As 2013 blasts off post Mayan apocalypse, the last of our comfortable structures buckle under a new world of feuding technologies, turbulent markets and unremitting political strife.
Civil war rages in the Middle East. China's communist leaders prepare for a new era of oppression, rejecting Western democracy the same time they benefit from it. Monstrous storms rip apart our cities, while perpetual showdowns in Washington reinforce what has become a pathological state of dysfunction.
The world has never faced greater challenges, and it's easy to feel that we'll be sucked up by the squalling noise rather than working our way through it.
In Gardnerville, the landscape is changing. Many people fear Walmart will destroy our pretty little town. Others believe that hundreds of new jobs can only be a good thing. We learned last week that the store would be getting a gas station out front, complementing the near-finished Maverik at the Minden Gateway Center.
It would be a mistake, however, to assume our future will be dominated by retail employment. While continued unemployment is certainly a problem, we have world-class companies in this valley willing to pay good wages for skilled workers.
Off the top of my head the list goes: GE Energy, Bently Enterprises, Starbucks, North Sails, American AVK, Aervoe Industries and Metalast. We have smaller outfits that produce highly specialized parts and products, like Aviso Surfboards, American International Tooling, AIM Kilns, and TechSpec. Recent arrivals include Life Enhancement Products and AnC Precision.
Every time I head out to one of our business parks, I'm impressed by what I find: cutting-edge manufacturers that have decided to base operations here for whatever reason. The impression never fails. These companies are in it for the long haul, fighting for every sale, every market, and making their stand right here in beautiful Carson Valley.
For those individuals willing to regear and apply themselves, this means opportunity.
Economic development is not possible without education. The recession wiped out entire professions based on outdated skill sets. What worked for our grandparents, pencil, carbon paper, and a handshake, no longer cuts it. The new world moves at a merciless clip, leaving the unprepared frozen in obsolescence.
The first step may be as simple as finishing high school.
"GED is a gatekeeper," said Douglas High counselor and GED chief examiner Michael Caughlan. "We're seeing more and more older adults come in and take the GED because their employers say they need it, even if they have 30 years of experience. The criteria to advance has really tightened up."
The school district is offering free GED and Nevada High School Proficiency Exam preparation classes 5-8 p.m. every Tuesday and Thursday in room 302 behind the DHS media center.
"This will be the last year of the 2002 series test that all of our adults have been able to pass," reads an advertisement for the class. "However, next year, on Jan. 1, 2014, there will be a new GED test series that will be extremely hard to pass, will require the test-taker to be computer literate as the test will be taken on the computer (subject to the same time constraints so typing speed will be important), and the ability for us to waive test fees due to financial difficulties and/or unemployment will no longer exist. If you have been holding off on getting your GED, it will be very important you complete this sometime this year."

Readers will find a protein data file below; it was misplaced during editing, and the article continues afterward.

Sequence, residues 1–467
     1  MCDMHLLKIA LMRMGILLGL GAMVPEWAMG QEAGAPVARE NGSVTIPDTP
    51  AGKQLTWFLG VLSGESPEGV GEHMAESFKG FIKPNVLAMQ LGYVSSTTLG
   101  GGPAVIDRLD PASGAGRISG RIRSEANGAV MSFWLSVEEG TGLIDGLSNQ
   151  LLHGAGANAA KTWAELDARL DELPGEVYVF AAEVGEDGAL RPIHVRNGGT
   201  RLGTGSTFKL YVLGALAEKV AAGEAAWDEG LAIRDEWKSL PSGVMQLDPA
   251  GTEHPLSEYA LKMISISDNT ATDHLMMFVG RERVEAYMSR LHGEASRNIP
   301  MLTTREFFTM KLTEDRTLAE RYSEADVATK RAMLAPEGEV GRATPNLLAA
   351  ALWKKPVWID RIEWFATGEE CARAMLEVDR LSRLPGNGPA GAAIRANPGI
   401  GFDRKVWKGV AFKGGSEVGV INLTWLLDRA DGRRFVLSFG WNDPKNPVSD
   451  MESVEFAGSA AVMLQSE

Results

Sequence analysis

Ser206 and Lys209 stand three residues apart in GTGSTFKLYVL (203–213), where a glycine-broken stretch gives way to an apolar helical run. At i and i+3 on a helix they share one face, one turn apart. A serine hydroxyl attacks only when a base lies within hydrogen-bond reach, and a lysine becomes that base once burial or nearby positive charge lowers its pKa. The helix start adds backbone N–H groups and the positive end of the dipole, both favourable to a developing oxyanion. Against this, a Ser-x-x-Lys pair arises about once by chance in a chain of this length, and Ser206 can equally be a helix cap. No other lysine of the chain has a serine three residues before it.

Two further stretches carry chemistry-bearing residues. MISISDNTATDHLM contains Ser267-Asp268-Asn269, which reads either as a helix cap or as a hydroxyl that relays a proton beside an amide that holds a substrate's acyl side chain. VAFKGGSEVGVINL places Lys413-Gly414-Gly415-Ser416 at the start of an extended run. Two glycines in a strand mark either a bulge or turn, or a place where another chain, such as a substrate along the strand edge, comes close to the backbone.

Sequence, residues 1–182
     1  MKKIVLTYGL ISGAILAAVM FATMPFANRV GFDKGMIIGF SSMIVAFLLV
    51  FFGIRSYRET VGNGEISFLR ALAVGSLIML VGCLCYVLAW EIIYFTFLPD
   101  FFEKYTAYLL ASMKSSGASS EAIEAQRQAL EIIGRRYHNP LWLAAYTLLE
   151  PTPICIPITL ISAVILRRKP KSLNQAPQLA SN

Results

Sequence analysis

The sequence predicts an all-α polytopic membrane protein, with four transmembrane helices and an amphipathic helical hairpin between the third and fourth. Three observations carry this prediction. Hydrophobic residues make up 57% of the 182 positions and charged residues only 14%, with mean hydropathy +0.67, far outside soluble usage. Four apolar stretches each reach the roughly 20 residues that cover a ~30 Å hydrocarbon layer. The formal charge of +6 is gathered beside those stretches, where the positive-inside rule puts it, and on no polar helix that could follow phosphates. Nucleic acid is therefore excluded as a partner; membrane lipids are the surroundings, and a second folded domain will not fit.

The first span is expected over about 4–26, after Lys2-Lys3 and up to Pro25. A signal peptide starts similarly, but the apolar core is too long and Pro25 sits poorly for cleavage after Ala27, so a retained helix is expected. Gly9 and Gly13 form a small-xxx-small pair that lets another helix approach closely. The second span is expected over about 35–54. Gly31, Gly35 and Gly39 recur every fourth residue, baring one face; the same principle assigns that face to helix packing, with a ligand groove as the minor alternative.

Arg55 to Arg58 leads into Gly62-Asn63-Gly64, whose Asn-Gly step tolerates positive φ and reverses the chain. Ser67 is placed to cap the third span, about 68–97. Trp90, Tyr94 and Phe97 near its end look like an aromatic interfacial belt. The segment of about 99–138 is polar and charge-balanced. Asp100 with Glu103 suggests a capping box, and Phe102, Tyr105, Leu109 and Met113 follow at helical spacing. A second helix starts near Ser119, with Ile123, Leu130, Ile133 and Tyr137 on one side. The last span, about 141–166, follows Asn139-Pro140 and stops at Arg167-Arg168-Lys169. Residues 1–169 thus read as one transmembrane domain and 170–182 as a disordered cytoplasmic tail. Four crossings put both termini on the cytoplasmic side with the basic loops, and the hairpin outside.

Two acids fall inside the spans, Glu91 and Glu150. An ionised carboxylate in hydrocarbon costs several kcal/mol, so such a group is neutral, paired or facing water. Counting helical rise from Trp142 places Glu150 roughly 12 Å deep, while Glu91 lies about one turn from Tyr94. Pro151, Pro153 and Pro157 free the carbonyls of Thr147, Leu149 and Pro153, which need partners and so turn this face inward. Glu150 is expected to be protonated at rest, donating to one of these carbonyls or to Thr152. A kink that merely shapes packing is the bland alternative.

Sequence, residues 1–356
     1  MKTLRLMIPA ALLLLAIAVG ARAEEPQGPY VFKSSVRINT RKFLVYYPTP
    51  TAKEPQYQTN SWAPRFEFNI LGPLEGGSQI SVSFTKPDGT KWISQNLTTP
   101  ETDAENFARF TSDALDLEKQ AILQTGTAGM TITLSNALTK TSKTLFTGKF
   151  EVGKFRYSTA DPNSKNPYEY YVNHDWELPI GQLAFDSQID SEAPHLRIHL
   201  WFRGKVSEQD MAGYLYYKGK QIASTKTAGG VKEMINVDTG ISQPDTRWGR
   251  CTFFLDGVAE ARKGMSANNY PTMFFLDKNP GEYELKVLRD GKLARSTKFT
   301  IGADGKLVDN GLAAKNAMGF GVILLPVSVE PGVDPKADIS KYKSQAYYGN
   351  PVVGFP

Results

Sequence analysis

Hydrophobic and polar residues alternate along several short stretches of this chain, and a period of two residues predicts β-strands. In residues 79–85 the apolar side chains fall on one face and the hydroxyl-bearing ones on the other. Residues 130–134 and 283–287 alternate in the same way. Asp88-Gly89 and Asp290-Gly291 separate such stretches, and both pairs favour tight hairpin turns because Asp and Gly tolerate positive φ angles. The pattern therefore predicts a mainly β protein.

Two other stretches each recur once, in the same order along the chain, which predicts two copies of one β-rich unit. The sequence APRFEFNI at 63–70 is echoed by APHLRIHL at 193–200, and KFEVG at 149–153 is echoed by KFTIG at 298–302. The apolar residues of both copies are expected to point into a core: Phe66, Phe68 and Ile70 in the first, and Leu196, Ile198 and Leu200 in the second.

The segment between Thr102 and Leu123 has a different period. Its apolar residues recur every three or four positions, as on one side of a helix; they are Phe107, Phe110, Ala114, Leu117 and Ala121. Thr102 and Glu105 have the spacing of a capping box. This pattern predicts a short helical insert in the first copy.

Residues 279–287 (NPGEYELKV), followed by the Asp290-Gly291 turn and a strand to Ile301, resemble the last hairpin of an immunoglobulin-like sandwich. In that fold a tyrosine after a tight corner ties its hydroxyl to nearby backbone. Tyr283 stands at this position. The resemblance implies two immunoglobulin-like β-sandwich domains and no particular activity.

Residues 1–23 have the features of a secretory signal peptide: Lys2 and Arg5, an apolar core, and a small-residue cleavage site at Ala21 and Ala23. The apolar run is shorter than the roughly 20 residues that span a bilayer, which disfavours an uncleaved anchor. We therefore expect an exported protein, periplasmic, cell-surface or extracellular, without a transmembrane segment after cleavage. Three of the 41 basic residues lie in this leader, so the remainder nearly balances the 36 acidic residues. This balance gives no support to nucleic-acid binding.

The district is also offering a basic computer class 3:30-5 p.m. on Mondays and Wednesdays, beginning today, at a cost of $100. Some participants may qualify for financial assistance. An advanced computer literacy class meets on the same days 4-6:30 p.m.
Other DCSD adult courses include graphic design/screen printing, social studies and English.
"Without a GED, you're not going to be able to get that door opened up for post-secondary education," Caughlan said. "Basically, employers expect people to have some skill set coming in."
For more information, or to register, call Caughlan at 782-5136, ext. 1716, or visit www.dhsged.weebly.com.
Where a high school graduate steps off into the world is where higher education, specifically Western Nevada College, builds another step.
"We all need to evolve as the world evolves," said David Steiger, WNC's director of economic development and continuing education.
Steiger oversees the college's Manufacturing Collaborative program, a joint initiative between the Northern Nevada Manufacturers Forum and WNC.
"The Collaborative's mission is to provide an educational pathway that allows individuals to develop skills that meet the needs of the manufacturing/industrial community in Carson City, Douglas, and Lyon counties," reads the program description. "The program offers recognition to those who attain certification, giving manufacturers an advantage in assessing a current employee or a certified applicant and giving the certificate holder an advantage in consideration for promotion or hire."
Students in the program must earn a C or better in five three-credit courses: business speech communication, human relations for employment, shop mathematics, drafting/blueprint reading, and writing.
Two officers of Minden manufacturing firms serve on the program's advisory committee: Al Jurkonis, president, American AVK; and Ray English, vice president of engineering, American International Tooling.
WNC offers other workforce certification programs in fields as diverse as automotive service, information technology, home inspection and welding.
For more information, visit www.wnc.edu.
Heading into this brave new world, I leave you with Steiger's dictum: "Evolve as the world evolves."